Hi guys, long time no blog!
It’s been a whole since I’ve written a post on here detailing my kitesurfing experiences, to be honest I’ve been too busy organising lessons for you guys to get out much! However, I was lucky enough to spend two weeks in Egypt with our students recently, and the first of many blogs I’ll be writing is here – what I’ve learnt out there!
- Kiting in a 2mm shorty is great, but get a decent waterproof suncream and apply it regularly, because you WILL burn. And yes, your hands need it too.
- Whilst we’re on the topic of the sun, wear sunglasses. Burning your eyeballs is a real thing and it is painful. Get yourself a floating pair with a strap, and if you’re super worried about losing them you can tie them to the zip of your wetsuit with some kite line.
- If it’s your first time kiting at the spot, check with the locals or a nearby school to ask about any hazards and regulations there might be. Where we kited in Egypt, you were not allowed to kite past 5pm. In other places, you’re not able to kite in certain areas or will need to avoid them at certain times.
- Compressors to pump up your kite are amazing, but make sure to use short bursts of air as you get up to pressure, else you’ll end up with a blown out bladder.
- Not everyone knows the rights of way, and they don’t all speak your language, so yelling won’t help you. Be sure to stay a safe distance from other kiters (especially beginners!) Look around before you board start / transition / jump… if there’s someone there DON’T JUST DO IT ANYWAY.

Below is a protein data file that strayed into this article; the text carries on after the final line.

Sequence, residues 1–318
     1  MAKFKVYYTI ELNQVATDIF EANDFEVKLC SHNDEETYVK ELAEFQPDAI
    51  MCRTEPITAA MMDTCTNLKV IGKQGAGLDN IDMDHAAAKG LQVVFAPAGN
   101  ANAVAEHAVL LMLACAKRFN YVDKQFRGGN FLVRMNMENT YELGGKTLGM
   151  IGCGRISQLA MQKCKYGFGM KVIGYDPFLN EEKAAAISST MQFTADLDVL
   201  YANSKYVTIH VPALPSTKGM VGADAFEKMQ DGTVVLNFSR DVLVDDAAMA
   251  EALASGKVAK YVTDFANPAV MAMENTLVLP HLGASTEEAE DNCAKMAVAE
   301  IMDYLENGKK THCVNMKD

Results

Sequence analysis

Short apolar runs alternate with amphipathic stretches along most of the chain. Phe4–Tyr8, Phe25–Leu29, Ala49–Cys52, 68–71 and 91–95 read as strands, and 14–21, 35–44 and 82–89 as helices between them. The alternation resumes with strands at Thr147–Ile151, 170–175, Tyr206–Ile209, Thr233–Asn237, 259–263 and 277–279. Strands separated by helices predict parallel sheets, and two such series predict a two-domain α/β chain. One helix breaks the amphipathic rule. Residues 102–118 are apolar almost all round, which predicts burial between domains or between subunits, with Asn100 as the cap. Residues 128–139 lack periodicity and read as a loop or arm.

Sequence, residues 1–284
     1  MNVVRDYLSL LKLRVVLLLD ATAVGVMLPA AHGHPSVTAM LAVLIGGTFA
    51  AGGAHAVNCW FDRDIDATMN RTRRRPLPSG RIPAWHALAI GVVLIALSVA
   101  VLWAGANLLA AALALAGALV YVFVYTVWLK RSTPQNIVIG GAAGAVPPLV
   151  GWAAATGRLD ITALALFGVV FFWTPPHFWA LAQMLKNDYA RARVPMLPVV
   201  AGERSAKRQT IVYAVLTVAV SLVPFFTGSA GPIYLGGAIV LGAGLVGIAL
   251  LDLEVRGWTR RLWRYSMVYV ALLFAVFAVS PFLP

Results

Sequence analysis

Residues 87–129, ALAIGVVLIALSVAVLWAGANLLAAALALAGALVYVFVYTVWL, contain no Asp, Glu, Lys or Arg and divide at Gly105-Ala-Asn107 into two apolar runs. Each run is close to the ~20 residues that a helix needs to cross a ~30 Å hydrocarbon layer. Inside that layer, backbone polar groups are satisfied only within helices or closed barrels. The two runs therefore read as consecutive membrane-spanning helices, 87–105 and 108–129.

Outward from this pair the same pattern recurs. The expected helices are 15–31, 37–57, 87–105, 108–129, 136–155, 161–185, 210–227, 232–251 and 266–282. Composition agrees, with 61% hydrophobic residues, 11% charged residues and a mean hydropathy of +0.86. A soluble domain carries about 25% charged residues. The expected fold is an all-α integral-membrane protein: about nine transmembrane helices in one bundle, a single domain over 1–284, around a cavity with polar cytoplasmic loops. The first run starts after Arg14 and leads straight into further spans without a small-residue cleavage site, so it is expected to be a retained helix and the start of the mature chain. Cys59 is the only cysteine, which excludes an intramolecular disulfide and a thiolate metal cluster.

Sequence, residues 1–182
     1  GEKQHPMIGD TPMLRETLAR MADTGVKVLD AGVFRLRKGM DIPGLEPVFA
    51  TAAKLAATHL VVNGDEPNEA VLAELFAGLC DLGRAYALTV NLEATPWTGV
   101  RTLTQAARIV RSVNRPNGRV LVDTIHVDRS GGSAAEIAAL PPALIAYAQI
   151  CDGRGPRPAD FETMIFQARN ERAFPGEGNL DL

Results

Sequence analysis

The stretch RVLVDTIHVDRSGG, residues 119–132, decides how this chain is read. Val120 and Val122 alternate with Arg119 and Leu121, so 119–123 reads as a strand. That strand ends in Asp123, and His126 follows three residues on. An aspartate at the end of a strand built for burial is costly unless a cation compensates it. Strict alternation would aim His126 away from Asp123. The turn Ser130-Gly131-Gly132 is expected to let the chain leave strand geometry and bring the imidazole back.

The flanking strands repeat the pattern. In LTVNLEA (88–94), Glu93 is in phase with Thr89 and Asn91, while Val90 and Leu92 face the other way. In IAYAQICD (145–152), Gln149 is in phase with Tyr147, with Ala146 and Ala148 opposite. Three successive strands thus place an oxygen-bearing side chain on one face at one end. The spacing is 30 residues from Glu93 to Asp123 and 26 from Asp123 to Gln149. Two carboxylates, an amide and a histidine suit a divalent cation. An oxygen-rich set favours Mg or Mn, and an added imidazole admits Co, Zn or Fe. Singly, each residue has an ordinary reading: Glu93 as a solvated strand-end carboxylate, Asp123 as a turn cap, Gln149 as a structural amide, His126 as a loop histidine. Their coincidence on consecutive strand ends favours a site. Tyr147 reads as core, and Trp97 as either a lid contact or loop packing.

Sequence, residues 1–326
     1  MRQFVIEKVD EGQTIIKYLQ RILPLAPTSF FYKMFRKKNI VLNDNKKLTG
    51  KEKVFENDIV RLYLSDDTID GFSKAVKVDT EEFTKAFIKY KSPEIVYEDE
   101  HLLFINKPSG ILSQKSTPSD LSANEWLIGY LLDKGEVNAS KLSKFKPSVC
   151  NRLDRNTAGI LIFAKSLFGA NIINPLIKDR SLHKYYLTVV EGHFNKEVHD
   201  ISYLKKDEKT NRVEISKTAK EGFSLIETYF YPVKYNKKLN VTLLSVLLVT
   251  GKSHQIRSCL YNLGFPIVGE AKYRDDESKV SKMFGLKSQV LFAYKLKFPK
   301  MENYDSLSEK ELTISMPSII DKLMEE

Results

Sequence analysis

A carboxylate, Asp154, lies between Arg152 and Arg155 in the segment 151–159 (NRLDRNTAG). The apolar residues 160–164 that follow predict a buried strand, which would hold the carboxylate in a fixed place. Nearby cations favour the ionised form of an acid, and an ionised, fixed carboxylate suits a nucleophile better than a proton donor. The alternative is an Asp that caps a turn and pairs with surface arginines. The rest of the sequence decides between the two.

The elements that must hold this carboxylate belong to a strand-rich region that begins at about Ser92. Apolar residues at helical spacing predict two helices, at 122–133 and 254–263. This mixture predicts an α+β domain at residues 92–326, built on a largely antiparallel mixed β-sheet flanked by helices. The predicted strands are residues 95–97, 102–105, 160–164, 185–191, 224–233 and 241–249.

- In an offshore wind, always walk back upwind further than you think you should… you WILL go down wind more than you think and a boat rescue takes a lot longer than the walk back
- Make sure you know how to do a packdown. Whether you’re in an offshore wind, you’re kiting alone or you’re kiting much further from the shore than normal, a packdown is a vital skill and without knowing how to perform one safely you are a danger to both yourself and others on the water.
- Eat plenty of food and drink plenty of water. Chances are, you’re not used to kiting every day (I know I wasn’t!), and you’ll need plenty of fuel. Take regular breaks and make sure you’re listening to your body – if it hurts, take a rest day. It’s better to take one day off now than need three days off later.
- Kiting abroad is so much fun! If you get the chance, I would definitely recommend it. If you fancy coming along on one of our trips, check them out here or drop us an email.